I did. I talked to him on the phone, then we met at Oshkosh in '98. I never flew with him. He was a good guy. Often there's a cocoon around celebrity and people are afraid to tell the emperor he has no clothes. John was a 38-year-old man using the judgment of a teenager. It was tragic. It didn't have to happen. All he had to do was call his instructor or a charter pilot and take them along and buy them a ticket home. He could certainly afford it. He could have gone the next morning, stopped along the way. So many outs he didn't take. Long Island is my neighborhood. I won't fly my Baron over there in bad weather ... and I'm instrument-rated and I'm flying a twin.
If I were a flight instructor and I had a student who was famous, I hope I'd be able to say "Listen, I don't care what your name is or how much money you've got. All I care is that on my watch you're not going to do something dumb. You're not going to kill yourself and you sure as hell aren't going to kill someone else." I hate to say too much about him since he's dead, but if there's a plus side to it, it would be that it draws attention to the carelessness and may prevent somebody else from making that mistake.
What's the tightest spot you've had as PIC?
Flying gliders is not only a great recreation, it's also very good training because when you don't have an engine, you're committed. Like all glider pilots with any experience I've had a few land-outs, where you don't get back to the airport, but I always managed to find a road or a field that worked just fine. Back at Speer, when I was 14 years old, in one week I was in two forced landings. Not with me flying, but flying with guys whose airplane I had washed. One was a Great Lakes trainer up at Camp Kearney, which is now MCAS Miramar. We were doing touch and goes, he blew a rod and it went right through the cowling, and he sideslipped and brought it down. He was white as a ghost. I was 14 and I thought it was pretty exciting. Three days later I was up in a Kinner Sportster at 15,000 feet, freezing my butt off, and oil pressure dropped and we deadsticked back in. I went home proud as a peacock to have two forced landings in one week.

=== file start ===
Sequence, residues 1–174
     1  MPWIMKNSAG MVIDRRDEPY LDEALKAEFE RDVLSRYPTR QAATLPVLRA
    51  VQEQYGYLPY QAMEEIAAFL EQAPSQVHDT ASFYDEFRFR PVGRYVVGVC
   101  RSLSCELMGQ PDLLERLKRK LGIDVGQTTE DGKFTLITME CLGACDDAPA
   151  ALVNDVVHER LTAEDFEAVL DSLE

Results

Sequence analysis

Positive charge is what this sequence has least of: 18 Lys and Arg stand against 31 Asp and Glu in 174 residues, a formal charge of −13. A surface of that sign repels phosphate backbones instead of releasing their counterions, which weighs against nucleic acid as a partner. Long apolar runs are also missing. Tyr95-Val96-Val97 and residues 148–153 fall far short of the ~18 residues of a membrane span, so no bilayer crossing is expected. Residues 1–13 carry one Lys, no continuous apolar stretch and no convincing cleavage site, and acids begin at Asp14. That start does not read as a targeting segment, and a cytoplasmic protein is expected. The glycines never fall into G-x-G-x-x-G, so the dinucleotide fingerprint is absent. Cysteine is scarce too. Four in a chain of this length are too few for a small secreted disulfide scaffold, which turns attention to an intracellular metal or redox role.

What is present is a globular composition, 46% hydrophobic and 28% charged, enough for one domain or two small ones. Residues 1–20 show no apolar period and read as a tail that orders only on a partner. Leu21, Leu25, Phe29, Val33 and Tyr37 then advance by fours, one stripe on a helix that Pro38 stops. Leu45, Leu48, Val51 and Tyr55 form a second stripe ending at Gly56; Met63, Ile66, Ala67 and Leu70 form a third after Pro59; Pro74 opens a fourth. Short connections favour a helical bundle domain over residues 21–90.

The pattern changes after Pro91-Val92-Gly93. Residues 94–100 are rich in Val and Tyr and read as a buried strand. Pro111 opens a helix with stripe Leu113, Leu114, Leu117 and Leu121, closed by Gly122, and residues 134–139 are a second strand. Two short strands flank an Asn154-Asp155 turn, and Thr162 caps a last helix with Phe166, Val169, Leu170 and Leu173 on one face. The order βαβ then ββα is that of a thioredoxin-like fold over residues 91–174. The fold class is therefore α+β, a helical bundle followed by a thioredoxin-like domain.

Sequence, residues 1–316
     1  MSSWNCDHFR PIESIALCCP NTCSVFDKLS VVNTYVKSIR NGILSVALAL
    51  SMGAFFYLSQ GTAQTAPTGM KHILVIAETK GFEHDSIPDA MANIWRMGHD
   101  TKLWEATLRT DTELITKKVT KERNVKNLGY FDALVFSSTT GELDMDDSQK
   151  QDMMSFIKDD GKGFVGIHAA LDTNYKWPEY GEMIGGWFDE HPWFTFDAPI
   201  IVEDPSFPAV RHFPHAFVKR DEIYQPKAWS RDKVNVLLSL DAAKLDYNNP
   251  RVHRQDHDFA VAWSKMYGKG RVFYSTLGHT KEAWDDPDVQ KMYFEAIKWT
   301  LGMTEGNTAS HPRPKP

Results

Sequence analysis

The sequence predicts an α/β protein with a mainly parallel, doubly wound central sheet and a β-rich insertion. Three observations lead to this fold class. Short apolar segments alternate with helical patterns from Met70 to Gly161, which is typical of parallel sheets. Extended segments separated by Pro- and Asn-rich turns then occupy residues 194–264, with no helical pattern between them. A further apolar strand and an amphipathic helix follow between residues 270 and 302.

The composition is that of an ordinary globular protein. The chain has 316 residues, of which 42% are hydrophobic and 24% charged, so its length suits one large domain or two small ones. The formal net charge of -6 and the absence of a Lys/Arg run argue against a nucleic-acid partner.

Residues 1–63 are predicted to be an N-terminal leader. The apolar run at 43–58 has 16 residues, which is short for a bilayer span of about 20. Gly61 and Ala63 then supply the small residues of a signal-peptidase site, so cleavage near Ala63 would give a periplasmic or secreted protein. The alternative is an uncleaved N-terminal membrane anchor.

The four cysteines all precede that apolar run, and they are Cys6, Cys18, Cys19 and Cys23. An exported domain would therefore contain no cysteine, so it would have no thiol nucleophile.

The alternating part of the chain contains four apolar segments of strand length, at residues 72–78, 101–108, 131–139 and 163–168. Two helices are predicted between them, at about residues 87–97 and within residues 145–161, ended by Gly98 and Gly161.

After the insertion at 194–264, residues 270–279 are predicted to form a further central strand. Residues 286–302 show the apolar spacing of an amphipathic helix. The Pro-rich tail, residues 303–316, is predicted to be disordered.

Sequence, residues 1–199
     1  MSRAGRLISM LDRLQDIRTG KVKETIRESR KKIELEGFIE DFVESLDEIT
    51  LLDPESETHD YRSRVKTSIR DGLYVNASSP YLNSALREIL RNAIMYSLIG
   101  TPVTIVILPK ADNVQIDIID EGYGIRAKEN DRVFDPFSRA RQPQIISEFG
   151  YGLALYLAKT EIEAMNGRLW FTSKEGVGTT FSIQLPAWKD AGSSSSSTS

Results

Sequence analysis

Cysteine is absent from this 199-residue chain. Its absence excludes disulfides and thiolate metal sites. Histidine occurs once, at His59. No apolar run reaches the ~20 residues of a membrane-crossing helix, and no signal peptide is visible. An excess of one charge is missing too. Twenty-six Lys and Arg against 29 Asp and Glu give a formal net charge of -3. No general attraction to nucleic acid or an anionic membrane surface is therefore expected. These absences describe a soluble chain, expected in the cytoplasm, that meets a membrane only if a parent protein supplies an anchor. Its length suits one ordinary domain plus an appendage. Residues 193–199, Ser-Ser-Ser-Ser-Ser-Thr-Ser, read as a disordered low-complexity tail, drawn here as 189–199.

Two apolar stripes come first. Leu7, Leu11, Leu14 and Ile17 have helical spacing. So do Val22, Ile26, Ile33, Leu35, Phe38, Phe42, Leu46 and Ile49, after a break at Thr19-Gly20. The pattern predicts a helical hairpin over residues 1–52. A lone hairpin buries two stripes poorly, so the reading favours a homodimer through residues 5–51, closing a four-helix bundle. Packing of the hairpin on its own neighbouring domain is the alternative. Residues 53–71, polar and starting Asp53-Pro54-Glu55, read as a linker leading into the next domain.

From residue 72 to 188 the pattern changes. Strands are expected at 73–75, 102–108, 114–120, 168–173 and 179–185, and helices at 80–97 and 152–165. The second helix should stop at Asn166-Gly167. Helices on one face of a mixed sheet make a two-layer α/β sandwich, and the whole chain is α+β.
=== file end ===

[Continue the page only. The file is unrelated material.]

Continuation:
I was shooting a film out in the boonies and they wanted me to fly the Tiger Moth out of a hayfield in a canyon. There was a lot of wind up there and the Tiger Moth is a low-horsepower airplane. So I said I would only do it early in the morning in calm winds, and I wanted two cameras on the wings and one on the front cockpit, and I wanted them mounted on the airplane two days ahead of time. Then I gave them the key to the hanger in Santa Paula.
You can guess what happened. I got there at 5 a.m. on the day of the shoot and nothing was ready. I flew the airplane over to the hayfield and the winds came up and I refused to do the shot. It's my own fault but I let them talk me into it. I got all the shots, pulling little strings to trigger the cameras from the cockpit. Now it's time to land. I did a low pass and realized the wind was really blowing. I had seen an area of grass when I checked out the area before the flight. After my low pass I got a big downdraft, like the fist of God, and I hit the power. The Tiger Moth is a gravity feed fuel system and when the airplane went down I had fuel starvation. I instinctively aimed for that little patch of grass, but there were a couple of crewmembers practicing golf over there. So I aimed the other way, and I'm coming down fast, and I saw a horse. And I figured where there's a horse there's liable to be grass, and I did a pretty good job of planting the wheels at the edge of the grass. But when the undercarriage sheared off, the airplane went upside down and I had to scramble out. Bumped my nose but that's about all.
But you got the shot?
Classic Hollywood. The director was hysterical. I'm a director, too, so I said "This is a great break for you. The airplane is upside down. Get a few guys to throw some dirt in the air, spin the one wheel that was left on the airplane, and roll your cameras. We'll dissolve into the dust and pull back and see a real airplane that's pretty well bruised." So I went to the doctor to get some stitches figuring that I had broken my airplane and almost broken my ass, but at least we'd get a good shot out of it. But they didn't. The director said everybody was nervous and sent them home.
What's keeping you busy in aviation now?
I love flying and I love the flying fraternity. I'm very active in the EAA ... I was the first Honorary President and I'm on the President's Council of the EAA. I've flown a lot of Young Eagles, and we're well on our way to the goal of flying a million kids by 2003. Every year we choose four kids who apply for the Cliff Robertson Work Program. These are boys and girls that have shown great passion and energy for flying and they get free lessons in return for doing what I did — cleaning out dirty hangars and washing airplanes. After 10 weeks they solo, and they've all gone on to good things. Most of them have stayed in aviation.